The rise of people power in digital marketing is coming
Digital marketing is broken. A shift in power towards the consumer could fix it
I attended the MyData conference in Helsinki last week and it gave a glimpse of a world where Google, Apple, Facebook and Amazon (GAFA to the attendees) will be forced to play second fiddle to a new emerging player in the business of selling data. That player is you.
To give you some context I am a digital marketer. For the last 11 years I have been in an industry whose model has become increasingly broken. It is VERY difficult today for brands to have relevant conversations with the audiences they are trying to reach. Defunct tracking methods, greedy ad-tech companies and the walled platforms of the bay area behemoths mean that the current system is broken, especially if you’re a consumer, publisher or brand.
Digital ROI is becoming increasingly hard to measure and the ad networks tasked with delivering relevant communications are so susceptible to spam and fraud that it’s no wonder that a quarter of adults now use ad-blockers. On top of that the privacy situation is at best a grey area and we’re not expecting our governments to sort it out any time soon.
Most normal people I speak to just get the feeling that as net citizens, we’re not getting a fair deal when it comes to how our information is used online.
If the system is broken where do we go from here?
The problem is one of value exchange. Google, Facebook and co provide free services in return for our profile data which they then monetise across the internet through ads. There are a bunch of other players who track our behaviour and provide nothing of value in return. You can argue that their revenues eventually pay for the content we read on our favourite news sites but there are so many layers in between that the whole eco-system is a mess. Ultimately brands just want to show ads to users who might want to buy their stuff. If only they could build a relationship directly with the individual say in return for some service or discount…
Enter the PIM (Personal Information Management) — an environment where a user can store, manage, control and importantly use the data spawned by their snowballing digital footprint to their benefit. The startups, researchers and innovators behind PIMs have a number of different approaches; privacy and convenience were prominent but finance, education, health, public services were all represented at the conference. In short the potential of personal information management cuts across our entire digital existence.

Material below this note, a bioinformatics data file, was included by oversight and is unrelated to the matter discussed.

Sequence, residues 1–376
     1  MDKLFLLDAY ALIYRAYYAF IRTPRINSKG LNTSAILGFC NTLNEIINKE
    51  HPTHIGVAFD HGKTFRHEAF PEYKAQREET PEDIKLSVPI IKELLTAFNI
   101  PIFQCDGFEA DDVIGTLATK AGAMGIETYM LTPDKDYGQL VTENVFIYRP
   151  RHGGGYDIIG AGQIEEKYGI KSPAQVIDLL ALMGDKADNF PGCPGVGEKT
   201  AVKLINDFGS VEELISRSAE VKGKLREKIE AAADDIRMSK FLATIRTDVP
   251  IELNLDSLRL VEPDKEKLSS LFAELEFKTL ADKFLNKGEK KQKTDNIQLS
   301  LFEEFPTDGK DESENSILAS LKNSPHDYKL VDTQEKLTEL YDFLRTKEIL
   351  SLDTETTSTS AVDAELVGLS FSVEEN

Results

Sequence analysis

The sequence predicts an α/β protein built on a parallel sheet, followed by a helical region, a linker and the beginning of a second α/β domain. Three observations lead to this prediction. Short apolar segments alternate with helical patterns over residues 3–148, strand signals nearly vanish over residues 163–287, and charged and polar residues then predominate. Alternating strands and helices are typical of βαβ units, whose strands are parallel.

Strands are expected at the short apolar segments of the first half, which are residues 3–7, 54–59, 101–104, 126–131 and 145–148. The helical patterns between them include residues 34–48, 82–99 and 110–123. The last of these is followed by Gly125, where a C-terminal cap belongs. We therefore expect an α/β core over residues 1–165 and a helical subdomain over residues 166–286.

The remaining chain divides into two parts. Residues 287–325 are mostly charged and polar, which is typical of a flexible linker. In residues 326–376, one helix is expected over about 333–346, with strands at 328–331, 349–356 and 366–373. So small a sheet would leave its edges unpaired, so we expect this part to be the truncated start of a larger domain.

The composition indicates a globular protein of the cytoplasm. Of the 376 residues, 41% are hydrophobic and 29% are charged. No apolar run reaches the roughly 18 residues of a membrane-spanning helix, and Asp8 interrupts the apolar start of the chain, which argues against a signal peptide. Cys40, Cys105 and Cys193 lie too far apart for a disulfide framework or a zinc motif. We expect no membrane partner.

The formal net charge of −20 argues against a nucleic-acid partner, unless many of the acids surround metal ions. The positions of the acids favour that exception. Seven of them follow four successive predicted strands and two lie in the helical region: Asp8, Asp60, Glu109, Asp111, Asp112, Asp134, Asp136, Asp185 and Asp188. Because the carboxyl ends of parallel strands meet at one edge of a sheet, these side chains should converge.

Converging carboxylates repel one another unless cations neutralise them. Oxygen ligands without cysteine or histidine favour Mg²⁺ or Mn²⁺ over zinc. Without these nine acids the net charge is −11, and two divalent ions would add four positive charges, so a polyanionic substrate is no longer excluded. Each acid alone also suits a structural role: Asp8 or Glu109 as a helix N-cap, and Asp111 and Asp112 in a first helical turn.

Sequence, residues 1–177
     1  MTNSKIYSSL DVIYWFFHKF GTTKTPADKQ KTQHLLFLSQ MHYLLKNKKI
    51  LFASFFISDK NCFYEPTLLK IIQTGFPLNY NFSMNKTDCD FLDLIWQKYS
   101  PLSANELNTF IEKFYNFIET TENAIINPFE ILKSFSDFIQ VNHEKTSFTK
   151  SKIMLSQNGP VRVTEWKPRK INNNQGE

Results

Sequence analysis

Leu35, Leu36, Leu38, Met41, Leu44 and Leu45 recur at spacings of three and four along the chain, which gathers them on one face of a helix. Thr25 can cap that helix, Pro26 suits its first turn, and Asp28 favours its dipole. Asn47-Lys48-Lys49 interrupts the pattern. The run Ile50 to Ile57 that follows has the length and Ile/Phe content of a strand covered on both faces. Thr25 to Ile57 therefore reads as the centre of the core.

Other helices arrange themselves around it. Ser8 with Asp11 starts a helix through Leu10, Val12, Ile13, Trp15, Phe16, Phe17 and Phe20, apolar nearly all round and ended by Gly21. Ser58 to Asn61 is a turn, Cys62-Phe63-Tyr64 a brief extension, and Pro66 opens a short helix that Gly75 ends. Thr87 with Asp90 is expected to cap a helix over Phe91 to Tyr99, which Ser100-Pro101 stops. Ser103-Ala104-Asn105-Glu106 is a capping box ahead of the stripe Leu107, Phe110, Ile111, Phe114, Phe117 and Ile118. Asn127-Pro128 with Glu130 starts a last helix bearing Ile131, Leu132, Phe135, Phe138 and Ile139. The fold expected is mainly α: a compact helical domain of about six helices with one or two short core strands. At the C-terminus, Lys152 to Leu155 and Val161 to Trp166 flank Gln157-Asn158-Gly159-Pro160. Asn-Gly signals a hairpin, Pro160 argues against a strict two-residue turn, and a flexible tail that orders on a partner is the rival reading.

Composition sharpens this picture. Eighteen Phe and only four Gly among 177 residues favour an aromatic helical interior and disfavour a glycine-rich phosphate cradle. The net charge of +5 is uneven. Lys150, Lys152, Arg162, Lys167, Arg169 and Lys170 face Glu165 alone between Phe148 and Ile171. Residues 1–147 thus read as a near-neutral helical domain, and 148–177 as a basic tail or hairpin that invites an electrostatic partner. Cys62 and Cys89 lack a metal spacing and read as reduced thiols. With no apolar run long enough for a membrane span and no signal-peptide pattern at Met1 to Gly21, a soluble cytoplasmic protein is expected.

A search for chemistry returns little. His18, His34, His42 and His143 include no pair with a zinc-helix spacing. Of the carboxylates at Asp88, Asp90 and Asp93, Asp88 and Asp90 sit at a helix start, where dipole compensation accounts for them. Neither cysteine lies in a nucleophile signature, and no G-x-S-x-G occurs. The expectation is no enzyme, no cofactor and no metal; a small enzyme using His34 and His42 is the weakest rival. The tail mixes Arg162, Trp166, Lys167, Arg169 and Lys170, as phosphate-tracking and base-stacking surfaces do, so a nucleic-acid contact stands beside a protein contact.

What’s in it for me?
One of the startups presenting at the event proclaimed that having a PIM was worth up to €3,000 per person per year. This is through a combination of value exchange, discounts and life efficiencies. The argument goes that big data science and cloud computing have hugely disrupted all aspects of the business world. Finance, HR, operations, supply chain, sales and marketing have all been empowered by the data revolution. Imagine the potential if these tools and methods were made available to the consumer. Jamie Smith from Ctrl + Shift argued that this type of platform could help consumers in three key ways
- Decision support: help in making the right choices for insurance renewals, purchases and other instances where there are multiple vendors looking for your business
- Life management: health apps and things like budgeting tools that provide you with the analytics to improve how you live
- Personal data management: the storage, protection and where necessary distribution of the data you collect. From ID management to privacy controls
One thing is for sure, for a PIM to succeed it would need a large user base to work with. Which begs the question why haven’t we seen this kind of platform emerge yet? I asked this question of a number of investors and experts at the conference and everyone agreed that scale was a key challenge that needs to be overcome.
Is this the new digital marketing model?
Which got me thinking. Digital marketing has scale. Scale likely to be worth over $500bn next year. Digital marketing also must undergo reform to retain the trust of users and balance the flow of money between dying publishers and disgruntled consumers.
Maybe the Personal Information industry and the Digital marketing industry should hang out. They might even make beautiful babies.